Top Trends and Predictions in Cloud and Managed Services: Where Will you be in Five Years?


EDGE360 recently reached out to David McNicholas, Director, US Strategic Business Development for Comstor US, and asked him to share his thoughts on the biggest trends he saw in 2014 in terms of the value added reseller (VAR) space and the managed services space, as well as his predictions for 2015 or beyond in these same areas.


According to McNicholas, a thought leader in Comstor’s partner space, most VARs have not figured out how to bring cloud to the executive suite, which is where more than 85 percent of all of the budgets and decisions live. Moreover, in what he considers most surprising as he looks back at the year, is that roughly 10-20 percent of VARs have voiced little interest in pursuing cloud or managed services and plan to stay the current selling course of gear / project work.

McNicholas also shared what he believes will gain the most traction in 2015 in the VAR space:

  • VARs are much more interested in transforming their sales force to be able to show up in and sell in the executive suite as evidenced by the significant increase in business competence training and business enablement investments.
  • VARs are starting to realize they need technology BUSINESS impact specialists – the Technical Sales Engineer of the new millennium, if you will, is a business specialist not a technology specialist.
  • VARs are talking about hybrid cloud and representing their direction as such to their customers.

Managed Services

If you have read our recent posts from Geoff Fancher, Senior Vice President, Comstor US, on managed services, you know that VARs need to be in this space if they want to succeed. McNicholas agrees, and shared his predictions for managed services.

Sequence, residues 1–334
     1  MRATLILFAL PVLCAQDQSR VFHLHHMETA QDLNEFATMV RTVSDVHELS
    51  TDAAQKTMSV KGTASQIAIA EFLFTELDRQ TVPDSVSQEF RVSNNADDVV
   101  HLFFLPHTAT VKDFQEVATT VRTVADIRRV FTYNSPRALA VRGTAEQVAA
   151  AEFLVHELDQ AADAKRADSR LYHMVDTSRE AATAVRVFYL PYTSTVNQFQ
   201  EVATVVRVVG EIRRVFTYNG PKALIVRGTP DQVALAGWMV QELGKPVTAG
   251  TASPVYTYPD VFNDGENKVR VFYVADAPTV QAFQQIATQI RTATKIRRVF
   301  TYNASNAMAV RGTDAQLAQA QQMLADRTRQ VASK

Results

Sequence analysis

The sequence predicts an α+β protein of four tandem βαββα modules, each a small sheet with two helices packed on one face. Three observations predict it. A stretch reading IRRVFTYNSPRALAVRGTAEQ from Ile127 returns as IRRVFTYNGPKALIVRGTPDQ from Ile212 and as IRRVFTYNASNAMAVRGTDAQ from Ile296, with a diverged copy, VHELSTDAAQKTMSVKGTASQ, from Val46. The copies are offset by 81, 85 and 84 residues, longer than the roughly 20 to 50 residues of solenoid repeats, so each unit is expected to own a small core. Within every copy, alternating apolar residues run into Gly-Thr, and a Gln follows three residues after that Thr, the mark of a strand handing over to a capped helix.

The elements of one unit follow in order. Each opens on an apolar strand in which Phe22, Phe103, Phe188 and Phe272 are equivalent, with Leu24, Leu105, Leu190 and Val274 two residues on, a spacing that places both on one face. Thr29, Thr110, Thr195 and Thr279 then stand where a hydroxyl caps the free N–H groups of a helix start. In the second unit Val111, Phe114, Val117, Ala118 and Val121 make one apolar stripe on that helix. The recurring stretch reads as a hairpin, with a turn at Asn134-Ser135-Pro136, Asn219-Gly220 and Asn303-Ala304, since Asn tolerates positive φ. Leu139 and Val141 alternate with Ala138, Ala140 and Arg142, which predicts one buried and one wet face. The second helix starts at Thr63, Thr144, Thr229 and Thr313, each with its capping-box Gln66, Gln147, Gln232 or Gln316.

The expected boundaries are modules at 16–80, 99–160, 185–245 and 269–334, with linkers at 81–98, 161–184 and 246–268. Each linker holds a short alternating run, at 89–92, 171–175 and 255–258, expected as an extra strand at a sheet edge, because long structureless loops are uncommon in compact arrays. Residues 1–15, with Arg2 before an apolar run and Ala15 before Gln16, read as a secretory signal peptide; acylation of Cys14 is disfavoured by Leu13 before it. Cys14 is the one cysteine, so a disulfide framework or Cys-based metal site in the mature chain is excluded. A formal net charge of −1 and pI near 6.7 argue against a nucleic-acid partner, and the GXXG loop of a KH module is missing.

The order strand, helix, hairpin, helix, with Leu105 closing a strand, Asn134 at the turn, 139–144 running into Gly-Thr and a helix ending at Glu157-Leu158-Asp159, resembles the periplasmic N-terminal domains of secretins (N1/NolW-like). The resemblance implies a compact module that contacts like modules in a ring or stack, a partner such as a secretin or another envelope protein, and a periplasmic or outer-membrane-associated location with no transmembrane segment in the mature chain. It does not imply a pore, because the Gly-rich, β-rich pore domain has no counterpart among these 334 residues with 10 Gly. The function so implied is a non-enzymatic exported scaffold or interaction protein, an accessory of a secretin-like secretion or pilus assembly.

His top three predictions for managed services include:

  • Most VARs will realize they need white-label managed services or some sort of partnership because of:
    • Time to market
    • Expense
    • High Risk
  • VARs will struggle to bring on and sell managed services because understanding how to compensate managed services is still a big challenge for them.
  • VARs will realize they need to pick specific areas of specialization to be effective and relevant.

McNicholas’ predictions shed light on the fact that, as he says, “VARs are very unaware of how complex and expensive it is to stand up a managed services practice.”  He said that for the most part, VARs have not figured out what they want to be in this rapidly evolving world of cloud and managed services.  A first step, according to McNicholas, is to be able to “crisply” answer the question, “Why will you be in business in 5 years?”

Next year promises to be filled with more of the same – rapidly evolving technology, morphing business trends and ways of doing work and technology disrupters. What do you see on the horizon that could change the way VARs approach business?

To read more thought leadership, check out EDGE360’s Thoughts from the EDGE.





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